Because we didn’t have television, computers, or any other type of home entertainment, during the long winter evenings we listened to stories. My grandmother could tell fantastic tales of fairies and monsters. My cousins and other neighborhood kids will gather in our kitchen/living room to listen to Grandma spin her magic.
There were a few occasion when she would be up until late to finish a chore, and I would ask my grandfather to tell me a bedtime story. My grand father’s stories were ‘real life’ ones. According to him, of course. Back then I never doubted him and as I grew older and reflected on it, I began to think that indeed they were true slices of his life and that at some level they were meant to teach me something. I hope I didn’t disappoint him.
My grandfather had four brothers and two sisters. They lived in a big stone house his dad built. Eventually my grandfather went on to build his own house, next to the family home. He would tell me they didn’t have much money and his brothers and he only had two pairs of good shoes among them. They took turns to wear them, so on Sundays, they couldn’t all go to the same mass, they would go two at a time.
I digress—this story is about one of the sisters.
Some young man came courting, and since everyone agreed with the choice, the two families would meet to discuss wedding plans. A lunch was set up for a Sunday after church, and it would be at the young woman’s (my great aunt) house.
My great grandparents only had one good tablecloth. My great grandmother, her name was Teresa, washed the tablecloth on Saturday morning and hung it in the attic to dry because it was raining.
Sunday morning came around, and she sent one of the kids to get the tablecloth so she could iron it (they used coals in the ironing iron). Unfortunately, the cloth got caught on the cloth pins and tore. It wasn’t a big tear, but the tablecloth was ripped. What to do? Stores are closed on Sunday in Italy—yes, they still are—and even if that wasn’t the case, there wasn’t any money for fancy tablecloths.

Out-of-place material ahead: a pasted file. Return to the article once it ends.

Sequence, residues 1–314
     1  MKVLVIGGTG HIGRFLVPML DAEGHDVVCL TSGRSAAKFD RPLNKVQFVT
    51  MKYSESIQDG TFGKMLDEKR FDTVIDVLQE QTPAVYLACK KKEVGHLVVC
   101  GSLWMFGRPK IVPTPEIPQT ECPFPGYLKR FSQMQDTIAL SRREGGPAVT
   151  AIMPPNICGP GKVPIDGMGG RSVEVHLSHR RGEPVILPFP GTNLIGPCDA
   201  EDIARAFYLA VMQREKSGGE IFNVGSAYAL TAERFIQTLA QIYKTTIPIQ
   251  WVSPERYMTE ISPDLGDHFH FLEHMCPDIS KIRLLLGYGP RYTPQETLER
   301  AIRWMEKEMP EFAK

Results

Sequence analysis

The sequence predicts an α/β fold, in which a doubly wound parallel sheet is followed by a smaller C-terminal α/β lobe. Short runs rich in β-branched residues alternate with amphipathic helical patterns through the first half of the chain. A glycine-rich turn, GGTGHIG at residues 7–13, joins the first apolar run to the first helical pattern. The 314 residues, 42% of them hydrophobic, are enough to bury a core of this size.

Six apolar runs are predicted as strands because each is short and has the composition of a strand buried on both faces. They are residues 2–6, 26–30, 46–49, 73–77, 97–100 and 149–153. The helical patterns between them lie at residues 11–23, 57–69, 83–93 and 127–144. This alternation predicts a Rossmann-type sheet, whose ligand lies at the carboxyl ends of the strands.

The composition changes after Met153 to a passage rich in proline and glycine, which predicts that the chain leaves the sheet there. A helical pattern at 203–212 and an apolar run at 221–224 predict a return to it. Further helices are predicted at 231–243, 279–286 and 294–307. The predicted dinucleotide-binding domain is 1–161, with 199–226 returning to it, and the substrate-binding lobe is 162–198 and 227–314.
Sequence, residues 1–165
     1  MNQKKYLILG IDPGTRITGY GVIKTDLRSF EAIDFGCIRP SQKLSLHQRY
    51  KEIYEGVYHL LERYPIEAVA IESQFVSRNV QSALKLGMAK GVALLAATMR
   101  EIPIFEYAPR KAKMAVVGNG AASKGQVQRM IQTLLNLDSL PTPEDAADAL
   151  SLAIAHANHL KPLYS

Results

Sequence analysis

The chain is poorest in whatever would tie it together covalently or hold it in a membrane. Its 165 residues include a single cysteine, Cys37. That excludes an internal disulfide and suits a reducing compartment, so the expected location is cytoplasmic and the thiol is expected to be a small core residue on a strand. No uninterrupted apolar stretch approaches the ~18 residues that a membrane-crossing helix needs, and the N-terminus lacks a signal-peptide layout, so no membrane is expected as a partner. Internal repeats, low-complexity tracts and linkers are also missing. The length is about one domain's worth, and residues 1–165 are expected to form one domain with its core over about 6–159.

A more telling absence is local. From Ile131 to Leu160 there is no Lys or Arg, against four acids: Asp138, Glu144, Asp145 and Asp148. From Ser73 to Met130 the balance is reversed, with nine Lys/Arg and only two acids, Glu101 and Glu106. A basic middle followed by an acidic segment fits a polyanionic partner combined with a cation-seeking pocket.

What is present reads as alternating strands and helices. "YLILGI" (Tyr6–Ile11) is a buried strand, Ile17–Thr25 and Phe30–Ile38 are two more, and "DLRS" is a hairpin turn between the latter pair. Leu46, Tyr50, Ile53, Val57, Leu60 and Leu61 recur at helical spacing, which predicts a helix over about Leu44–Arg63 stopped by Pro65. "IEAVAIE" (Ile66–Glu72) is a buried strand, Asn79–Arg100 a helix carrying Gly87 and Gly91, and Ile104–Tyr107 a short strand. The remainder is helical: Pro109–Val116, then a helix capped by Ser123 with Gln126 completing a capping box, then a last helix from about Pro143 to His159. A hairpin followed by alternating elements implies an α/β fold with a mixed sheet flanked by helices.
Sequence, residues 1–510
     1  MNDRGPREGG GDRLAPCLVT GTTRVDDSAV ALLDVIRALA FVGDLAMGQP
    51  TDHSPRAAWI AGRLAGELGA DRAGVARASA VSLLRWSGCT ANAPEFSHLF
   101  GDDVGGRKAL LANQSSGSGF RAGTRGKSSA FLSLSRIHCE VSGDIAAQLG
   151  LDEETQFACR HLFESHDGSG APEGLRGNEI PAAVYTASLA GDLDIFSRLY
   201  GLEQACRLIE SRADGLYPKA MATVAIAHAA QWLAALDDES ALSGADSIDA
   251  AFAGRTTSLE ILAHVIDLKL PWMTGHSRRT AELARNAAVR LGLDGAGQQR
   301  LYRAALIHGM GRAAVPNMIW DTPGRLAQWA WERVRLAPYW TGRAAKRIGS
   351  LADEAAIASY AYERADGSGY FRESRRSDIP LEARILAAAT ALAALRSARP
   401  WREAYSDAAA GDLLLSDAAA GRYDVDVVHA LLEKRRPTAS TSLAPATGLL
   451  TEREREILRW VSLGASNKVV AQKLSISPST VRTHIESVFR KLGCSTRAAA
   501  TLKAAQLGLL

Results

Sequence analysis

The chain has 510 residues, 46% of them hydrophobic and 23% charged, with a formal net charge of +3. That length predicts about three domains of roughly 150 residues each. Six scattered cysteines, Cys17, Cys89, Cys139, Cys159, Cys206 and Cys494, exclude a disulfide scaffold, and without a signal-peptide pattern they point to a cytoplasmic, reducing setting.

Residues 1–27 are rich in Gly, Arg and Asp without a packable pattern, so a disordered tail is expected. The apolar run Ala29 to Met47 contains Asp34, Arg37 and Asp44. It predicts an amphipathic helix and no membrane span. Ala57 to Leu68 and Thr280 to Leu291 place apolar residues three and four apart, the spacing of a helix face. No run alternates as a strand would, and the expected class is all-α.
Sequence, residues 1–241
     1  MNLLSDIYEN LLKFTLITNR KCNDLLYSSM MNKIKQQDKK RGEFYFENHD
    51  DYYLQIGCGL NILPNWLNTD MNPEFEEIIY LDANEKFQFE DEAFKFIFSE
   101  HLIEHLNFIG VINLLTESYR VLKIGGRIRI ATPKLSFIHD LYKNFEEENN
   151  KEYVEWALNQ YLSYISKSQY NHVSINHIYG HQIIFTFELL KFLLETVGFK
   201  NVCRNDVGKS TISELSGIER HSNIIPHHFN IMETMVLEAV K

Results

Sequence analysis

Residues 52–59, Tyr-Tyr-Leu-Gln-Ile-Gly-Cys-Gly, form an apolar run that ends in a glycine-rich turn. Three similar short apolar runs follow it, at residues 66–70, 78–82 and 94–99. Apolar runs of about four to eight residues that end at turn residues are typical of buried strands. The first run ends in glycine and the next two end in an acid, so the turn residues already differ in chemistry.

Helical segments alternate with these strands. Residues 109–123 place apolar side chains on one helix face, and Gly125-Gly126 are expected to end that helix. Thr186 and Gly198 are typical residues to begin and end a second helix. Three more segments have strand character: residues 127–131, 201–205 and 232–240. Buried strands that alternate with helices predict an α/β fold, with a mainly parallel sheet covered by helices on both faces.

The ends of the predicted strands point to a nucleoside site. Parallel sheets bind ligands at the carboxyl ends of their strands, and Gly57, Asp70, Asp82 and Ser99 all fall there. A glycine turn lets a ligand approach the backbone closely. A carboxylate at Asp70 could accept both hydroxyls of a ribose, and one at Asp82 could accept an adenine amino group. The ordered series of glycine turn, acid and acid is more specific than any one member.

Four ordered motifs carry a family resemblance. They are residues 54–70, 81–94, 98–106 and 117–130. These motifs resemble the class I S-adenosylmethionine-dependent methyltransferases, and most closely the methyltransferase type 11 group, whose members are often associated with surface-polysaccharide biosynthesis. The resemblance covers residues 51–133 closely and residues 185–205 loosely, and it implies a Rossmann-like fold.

My grandfather swears the household was in panic mode because the family of the groom-to-be was wealthy and they were hoping to make a good impression. The table was set with the holey cover. The tear ended up close to the place where one of the brothers would usually sit. That’s when an idea was conceived; to place a bread roll on top of the hole, it covered it perfectly. Since Italians tend to put breads and rolls directly on the tablecloth by the plates, this would not be unusual. But what if one of the guests would pick that specific roll to eat? Easy—an empty flour bag was filled with bread rolls and my grandfather was assigned the task of replacing the roll anytime someone would grab it. The trick must have worked because the sister did marry the suitor after all. And they lived happily ever after. Not sure about the happily part, however, since Italy didn’t have divorce until 1972, there wasn’t much one could do about it. At least not legally. End of the story.